Citizendium - building a quality free general knowledge encyclopedia. Click here to join and contribute—free
Many thanks December donors; special to Darren Duncan. January donations open; need minimum total $100. Let's exceed that.

Donate here. By donating you gift yourself and CZ.


Bijective function

From Citizendium, the Citizens' Compendium

Jump to: navigation, search
This article is developing and not approved.
Main Article
Talk
Related Articles  [?]
Bibliography  [?]
External Links  [?]
Citable Version  [?]
 
This editable Main Article is under development and not meant to be cited; by editing it you can help to improve it towards a future approved, citable version. These unapproved articles are subject to a disclaimer.

Contents

In mathematics, an invertible function, also known as a bijective function or simply a bijection is a function that establishes a one-to-one correspondence between elements of two given sets. Loosely speaking, all elements of the sets can be matched up in pairs so that each element of one set has its unique counterpart in the second set. A bijective function from a set X to itself is also called a permutation of the set X.

More formally, a function f from set X to set Y is called a bijection if and only if for each y in Y there exists exactly one x in X such that f(x)=y.

The most important property of a bijective function is the existence of an inverse function which undoes the operation of the function. These functions can then be viewed as dictionaries by which one can translate information from the domain to the codomain and back again. The existence of an inverse function often forces the domain and codomain to have common properties.

Examples

  • The function from set \{1,2,3,4\} to set \{10,11,12,13\} defined by the formula f(x)=x+9 is a bijection.
  • A less obvious example is the function f from the set X=\{(x,y)\} of all pairs (x,y) of positive integers to the set of all positive integers given by formula f(x,y)=2^{x-1}\cdot (2y-1).
  • The function \tan\colon(-\frac{\pi}{2},\frac{\pi}{2})\to R is a bijection.

Composition

If f\colon X\to Y and g\colon Y\to Z are bijections than so is their composition g\circ f\colon X\to Z.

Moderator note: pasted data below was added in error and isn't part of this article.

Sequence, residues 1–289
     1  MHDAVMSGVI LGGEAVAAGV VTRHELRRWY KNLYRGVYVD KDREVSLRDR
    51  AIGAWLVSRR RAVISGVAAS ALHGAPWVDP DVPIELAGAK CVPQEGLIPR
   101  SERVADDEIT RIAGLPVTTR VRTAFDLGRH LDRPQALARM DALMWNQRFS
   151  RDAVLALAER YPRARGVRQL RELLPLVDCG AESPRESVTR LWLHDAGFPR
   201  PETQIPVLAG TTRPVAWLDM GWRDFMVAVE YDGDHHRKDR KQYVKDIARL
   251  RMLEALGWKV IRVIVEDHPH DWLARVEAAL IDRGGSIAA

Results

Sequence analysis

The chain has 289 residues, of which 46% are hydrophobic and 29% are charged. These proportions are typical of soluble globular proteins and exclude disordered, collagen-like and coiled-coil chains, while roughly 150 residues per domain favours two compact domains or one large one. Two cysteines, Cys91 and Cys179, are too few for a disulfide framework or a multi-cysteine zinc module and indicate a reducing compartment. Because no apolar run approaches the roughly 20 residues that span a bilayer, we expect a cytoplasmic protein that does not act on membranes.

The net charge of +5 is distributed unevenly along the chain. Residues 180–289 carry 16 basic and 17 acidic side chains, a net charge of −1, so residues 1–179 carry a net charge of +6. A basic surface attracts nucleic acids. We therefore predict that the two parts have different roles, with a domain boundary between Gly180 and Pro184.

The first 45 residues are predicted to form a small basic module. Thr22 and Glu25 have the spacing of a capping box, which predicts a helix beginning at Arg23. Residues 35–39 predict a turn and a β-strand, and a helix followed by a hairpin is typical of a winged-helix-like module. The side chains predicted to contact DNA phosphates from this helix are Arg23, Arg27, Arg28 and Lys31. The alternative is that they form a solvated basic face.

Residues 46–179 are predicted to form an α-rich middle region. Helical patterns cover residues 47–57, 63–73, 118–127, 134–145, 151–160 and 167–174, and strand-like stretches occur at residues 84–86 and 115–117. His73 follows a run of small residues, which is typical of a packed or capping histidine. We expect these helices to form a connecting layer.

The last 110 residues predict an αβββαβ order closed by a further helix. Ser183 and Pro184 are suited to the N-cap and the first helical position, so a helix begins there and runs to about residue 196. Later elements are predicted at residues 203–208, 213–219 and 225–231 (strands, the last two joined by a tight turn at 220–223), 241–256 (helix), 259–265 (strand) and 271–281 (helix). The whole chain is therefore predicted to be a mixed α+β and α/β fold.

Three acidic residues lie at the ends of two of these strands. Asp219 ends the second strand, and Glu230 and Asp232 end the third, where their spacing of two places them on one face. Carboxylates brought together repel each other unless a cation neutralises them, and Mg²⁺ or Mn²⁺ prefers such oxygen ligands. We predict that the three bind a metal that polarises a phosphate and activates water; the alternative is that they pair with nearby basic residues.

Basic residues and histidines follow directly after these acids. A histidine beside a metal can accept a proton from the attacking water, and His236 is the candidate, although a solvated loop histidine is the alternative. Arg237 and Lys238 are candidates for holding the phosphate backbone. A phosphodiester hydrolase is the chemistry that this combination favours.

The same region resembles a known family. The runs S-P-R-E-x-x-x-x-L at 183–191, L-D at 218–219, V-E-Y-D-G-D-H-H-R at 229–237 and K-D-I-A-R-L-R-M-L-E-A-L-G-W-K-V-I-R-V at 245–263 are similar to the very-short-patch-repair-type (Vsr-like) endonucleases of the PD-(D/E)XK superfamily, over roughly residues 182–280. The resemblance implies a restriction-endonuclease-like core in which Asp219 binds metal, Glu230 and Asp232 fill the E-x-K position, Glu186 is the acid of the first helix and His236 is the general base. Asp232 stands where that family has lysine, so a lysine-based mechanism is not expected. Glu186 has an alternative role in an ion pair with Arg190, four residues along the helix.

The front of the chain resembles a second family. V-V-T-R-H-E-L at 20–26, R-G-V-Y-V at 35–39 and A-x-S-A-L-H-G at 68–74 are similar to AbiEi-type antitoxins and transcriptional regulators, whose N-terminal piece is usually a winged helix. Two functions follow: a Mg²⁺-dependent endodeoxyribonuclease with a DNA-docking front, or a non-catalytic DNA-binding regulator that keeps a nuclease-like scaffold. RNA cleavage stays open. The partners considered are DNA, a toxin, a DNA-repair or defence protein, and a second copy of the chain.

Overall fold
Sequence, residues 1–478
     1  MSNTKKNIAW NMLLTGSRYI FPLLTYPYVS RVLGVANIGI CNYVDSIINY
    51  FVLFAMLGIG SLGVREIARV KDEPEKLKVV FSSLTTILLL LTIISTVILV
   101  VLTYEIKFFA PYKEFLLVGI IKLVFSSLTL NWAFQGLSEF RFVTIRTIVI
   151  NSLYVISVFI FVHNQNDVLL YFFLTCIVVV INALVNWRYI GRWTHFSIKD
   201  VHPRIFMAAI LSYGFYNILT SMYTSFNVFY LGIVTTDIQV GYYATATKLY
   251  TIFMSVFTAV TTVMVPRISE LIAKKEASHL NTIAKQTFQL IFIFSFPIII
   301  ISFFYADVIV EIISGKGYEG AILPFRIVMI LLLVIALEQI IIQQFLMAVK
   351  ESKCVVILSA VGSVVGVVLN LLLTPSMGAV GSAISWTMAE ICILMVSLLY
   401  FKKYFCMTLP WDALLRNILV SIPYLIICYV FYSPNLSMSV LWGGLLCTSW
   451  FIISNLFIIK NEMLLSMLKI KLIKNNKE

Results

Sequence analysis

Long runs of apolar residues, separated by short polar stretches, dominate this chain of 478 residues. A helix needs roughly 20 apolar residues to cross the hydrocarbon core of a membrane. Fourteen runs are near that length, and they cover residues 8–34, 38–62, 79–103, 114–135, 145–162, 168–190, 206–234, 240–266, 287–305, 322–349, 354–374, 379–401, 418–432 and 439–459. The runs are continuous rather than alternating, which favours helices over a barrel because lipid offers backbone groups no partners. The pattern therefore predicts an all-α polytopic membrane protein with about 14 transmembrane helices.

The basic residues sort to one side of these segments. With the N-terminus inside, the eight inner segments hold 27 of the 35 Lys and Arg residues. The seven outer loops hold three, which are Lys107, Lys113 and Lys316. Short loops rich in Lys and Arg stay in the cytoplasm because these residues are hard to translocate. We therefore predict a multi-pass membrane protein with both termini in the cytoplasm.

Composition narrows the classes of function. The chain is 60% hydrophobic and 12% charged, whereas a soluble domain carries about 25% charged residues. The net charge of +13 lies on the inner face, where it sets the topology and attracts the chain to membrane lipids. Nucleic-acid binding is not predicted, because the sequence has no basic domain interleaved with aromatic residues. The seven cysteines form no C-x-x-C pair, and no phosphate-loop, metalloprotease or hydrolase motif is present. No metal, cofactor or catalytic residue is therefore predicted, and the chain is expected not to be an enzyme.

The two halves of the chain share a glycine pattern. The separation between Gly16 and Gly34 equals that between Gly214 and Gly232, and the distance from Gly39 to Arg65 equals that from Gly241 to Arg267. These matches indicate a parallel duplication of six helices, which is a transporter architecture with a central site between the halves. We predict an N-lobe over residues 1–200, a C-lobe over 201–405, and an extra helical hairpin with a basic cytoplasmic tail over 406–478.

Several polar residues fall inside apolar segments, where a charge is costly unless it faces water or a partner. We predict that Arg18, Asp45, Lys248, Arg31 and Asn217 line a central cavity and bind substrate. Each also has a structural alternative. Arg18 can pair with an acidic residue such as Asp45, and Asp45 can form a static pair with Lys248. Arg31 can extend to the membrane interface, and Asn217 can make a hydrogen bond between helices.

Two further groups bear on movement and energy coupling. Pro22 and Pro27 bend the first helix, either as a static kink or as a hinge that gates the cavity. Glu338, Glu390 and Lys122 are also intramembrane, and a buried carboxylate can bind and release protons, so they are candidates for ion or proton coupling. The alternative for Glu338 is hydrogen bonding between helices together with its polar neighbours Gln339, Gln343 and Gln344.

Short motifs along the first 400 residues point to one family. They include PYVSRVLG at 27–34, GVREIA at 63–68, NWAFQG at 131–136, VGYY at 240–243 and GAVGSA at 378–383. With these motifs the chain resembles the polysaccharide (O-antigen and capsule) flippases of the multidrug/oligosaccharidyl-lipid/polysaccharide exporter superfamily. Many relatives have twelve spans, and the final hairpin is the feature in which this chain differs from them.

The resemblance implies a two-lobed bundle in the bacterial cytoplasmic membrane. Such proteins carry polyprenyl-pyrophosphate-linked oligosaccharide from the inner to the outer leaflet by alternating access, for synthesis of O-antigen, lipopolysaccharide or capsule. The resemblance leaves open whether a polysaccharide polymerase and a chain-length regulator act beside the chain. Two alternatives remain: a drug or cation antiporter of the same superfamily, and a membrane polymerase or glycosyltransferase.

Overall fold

A function f\colon X\to Y is a bijective function if and only if there exists function g\colon Y \to X such that their compositions g\circ f and f\circ g are identity functions on relevant sets. In this case we call function g an inverse function of  f and denote it by f^{-1}.

Bijections and the concept of cardinality

Two finite sets have the same number of elements if and only if there exists a bijection from one set to another. Georg Cantor generalized this simple observation to infinite sets and introduced the concept of cardinality of a set. We say that two set are equinumerous (sometimes also equipotent or equipollent) if there exists a bijection from one set to another. If this is the case, we say the sets have the same cardinality or the same cardinal number. Cardinality can be thought of as a generalization of number of elements of finite sets.

Some more examples

  1. A function is a bijection iff it is both an injection and a surjection.
  2. The quadratic function R\to R: x\mapsto x^2 is neither injection nor surjection, hence is not bijection. However if we change its domain and codomain to the set [0,+\infty) than the function becomes bijective and the inverse function \sqrt\colon [0,+\infty)\to[0,+\infty),\ x\mapsto \sqrt{x} exists. This procedure is very common in mathematics, especially in calculus.
  3. A continuous function from the closed interval [a,b] in the real line to closed interval [c,d] is bijection if and only if is monotonic function with f(a) = c and f(b) = d.
Views
Personal tools